BY MICHAEL TOLAND
Not one to gather moss, the rolling stone that is Willie Nelson follows up last year’s hit LP Heroes almost immediately with an altogether different beast: Let’s Face the Music and Dance. Rather than the whimsical, rollicking country of Heroes, Dance soaks itself in the kind of songs Nelson probably plays when the curtains are drawn and nobody’s looking. It’s as if he and his musician friends (including, of course, pianist Bobbie Nelson and harmonicat Mickey Raphael) were just jamming on old favorites and producer Buddy Cannon suddenly decided to hit the record button.
The result is a set of mostly jazzy pop tunes, including the Nat King Cole-popularized “Walking My Baby Back Home,” the Academy Award-winning “You’ll Never Know” from the musical Hello, Frisco, Hello and Irving Berlin’s title track, given expert performances that sound relaxed but not casual. On Frank Loesser’s The Perils of Pauline standard “I Wish I Didn’t Love You So,” for example, Nelson understates the vocal melody and lets its simplicity sell the sentiment, rather than laying down the fervor – the lovingly played guitar and piano solos don’t hurt, either. He also moves further afield than just pre-rock standardizing, gracing the record with a bouncing version of Carl Perkins’ “Matchbox,” a lovely take on the Platters’ “Twilight Time,” a gorgeous run through Django Reinhardt’s “Nuages” and an almost meditative version of his own “Is the Better Part Over.”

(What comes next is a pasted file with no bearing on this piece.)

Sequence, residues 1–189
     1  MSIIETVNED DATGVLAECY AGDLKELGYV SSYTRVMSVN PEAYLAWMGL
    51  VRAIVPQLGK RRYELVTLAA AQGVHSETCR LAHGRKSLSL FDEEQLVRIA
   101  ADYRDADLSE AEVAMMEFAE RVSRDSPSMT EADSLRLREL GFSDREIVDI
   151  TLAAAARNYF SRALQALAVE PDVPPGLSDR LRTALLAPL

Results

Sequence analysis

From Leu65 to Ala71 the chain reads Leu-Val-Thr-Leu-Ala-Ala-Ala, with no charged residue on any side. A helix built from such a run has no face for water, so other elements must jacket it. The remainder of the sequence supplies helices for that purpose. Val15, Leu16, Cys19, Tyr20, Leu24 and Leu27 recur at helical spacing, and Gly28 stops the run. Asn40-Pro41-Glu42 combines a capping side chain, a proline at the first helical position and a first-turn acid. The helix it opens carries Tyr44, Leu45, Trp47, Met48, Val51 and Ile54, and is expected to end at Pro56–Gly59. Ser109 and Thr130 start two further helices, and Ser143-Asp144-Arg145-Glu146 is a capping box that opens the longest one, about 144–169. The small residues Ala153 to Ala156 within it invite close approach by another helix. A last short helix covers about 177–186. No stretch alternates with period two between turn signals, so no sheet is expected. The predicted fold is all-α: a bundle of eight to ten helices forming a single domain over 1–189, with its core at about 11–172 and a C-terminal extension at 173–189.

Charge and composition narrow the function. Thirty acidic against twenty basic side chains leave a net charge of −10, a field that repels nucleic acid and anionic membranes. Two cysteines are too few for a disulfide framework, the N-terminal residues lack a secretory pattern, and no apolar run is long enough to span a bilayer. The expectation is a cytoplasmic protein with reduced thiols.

As Nelson’s vocal phrasing and Trigger picking have gotten ever more jazzy over the last decade, he sounds more at home and natural on these songs than on the country music for which he’s most celebrated, making Let’s Face the Music and Dance one of the most effortlessly enjoyable records in his large catalog.
DOWNLOAD: “Let’s Face the Music and Dance,” “Twilight Time,” “Walking My Baby Back Home”